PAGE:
The aim of this case is to make the primary care physician and hospitalist aware of the clinical presentation and treatment protocol for Zieve's syndrome. Zieve's syndrome is relatively rare yet serious and treatable sequela of alcohol abuse. Clinical presentation includes the constellation of symptoms of hemolytic anemia, hyperlipidemia, abdominal pain and jaundice in the context of known alcohol abuse. The exact pathophysiologic mechanism is unknown but, as reviewed in the article, has been postulated to be secondary to alcohol induced hyperlipidemia that in turn predisposes red cell membranes to lysis. The current case demonstrates a variant on the theme of Zieve's syndrome in that the patient's lipid panel was essentially normal suggesting that the exact mechanism of hemolysis is still uncertain. The addition of Zieve's syndrome to the hospitalist differential of an alcoholic patient presenting with hemolysis will allow earlier diagnosis, intervention and better patient outcomes.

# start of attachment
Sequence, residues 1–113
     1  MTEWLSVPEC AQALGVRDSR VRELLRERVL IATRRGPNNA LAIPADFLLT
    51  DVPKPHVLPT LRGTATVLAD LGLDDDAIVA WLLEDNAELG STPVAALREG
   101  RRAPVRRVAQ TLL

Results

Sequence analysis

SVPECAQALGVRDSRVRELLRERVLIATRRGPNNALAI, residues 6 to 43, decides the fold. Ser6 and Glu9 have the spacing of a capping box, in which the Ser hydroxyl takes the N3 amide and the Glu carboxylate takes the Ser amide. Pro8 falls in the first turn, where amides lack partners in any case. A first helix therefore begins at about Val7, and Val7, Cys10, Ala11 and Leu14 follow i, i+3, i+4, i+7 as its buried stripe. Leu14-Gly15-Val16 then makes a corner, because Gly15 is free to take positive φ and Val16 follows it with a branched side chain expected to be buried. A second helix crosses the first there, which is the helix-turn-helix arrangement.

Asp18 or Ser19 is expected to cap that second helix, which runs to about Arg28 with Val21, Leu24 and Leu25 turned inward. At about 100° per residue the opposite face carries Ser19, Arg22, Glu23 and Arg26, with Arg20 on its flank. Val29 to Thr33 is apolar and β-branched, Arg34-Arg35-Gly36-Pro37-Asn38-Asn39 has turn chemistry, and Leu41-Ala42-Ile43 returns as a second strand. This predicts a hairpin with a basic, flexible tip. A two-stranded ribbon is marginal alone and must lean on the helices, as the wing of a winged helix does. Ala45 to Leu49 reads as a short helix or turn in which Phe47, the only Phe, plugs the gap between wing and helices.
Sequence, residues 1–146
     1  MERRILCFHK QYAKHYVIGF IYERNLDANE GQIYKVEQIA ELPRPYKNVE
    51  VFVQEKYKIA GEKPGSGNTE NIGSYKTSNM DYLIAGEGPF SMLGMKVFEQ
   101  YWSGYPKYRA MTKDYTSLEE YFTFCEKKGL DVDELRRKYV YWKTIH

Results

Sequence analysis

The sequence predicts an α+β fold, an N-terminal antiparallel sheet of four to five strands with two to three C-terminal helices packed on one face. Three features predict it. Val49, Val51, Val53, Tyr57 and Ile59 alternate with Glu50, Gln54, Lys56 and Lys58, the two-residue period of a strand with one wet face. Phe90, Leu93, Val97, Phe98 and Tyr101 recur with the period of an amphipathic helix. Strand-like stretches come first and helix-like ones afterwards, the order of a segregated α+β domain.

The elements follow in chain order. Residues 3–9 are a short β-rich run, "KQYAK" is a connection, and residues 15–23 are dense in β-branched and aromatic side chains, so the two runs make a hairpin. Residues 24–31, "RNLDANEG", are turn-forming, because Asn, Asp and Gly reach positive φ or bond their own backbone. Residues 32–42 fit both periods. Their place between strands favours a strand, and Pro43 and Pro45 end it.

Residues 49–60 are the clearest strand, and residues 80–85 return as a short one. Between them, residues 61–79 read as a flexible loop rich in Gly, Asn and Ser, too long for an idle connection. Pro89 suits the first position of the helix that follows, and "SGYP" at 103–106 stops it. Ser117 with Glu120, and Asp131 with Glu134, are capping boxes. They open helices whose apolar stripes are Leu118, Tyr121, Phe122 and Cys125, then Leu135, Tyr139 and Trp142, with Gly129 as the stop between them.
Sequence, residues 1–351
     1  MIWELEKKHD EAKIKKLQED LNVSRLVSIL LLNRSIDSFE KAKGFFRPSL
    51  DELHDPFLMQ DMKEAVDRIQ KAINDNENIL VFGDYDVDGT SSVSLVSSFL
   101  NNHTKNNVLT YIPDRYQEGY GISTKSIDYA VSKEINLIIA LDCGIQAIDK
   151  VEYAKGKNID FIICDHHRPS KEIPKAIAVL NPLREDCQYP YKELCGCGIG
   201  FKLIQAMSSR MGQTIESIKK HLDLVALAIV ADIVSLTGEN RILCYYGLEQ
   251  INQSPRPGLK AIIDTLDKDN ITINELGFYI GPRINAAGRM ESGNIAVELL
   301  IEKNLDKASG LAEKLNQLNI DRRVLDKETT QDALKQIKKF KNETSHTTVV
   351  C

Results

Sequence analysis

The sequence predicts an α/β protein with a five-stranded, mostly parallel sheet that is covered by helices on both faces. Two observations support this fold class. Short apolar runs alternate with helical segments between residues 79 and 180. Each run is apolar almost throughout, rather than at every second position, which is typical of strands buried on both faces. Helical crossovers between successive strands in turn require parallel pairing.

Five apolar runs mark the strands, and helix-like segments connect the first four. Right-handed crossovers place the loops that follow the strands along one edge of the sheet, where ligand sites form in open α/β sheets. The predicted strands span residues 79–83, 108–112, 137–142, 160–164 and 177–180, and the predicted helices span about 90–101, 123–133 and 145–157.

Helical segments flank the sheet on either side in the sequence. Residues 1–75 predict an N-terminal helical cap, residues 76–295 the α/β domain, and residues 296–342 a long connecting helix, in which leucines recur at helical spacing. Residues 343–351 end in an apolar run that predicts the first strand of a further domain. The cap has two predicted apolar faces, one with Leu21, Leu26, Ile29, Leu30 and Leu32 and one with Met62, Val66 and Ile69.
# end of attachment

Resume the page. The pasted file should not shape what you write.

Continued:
|Original language||English (US)|
|Number of pages||3|
|State||Published - Jun 21 2013|
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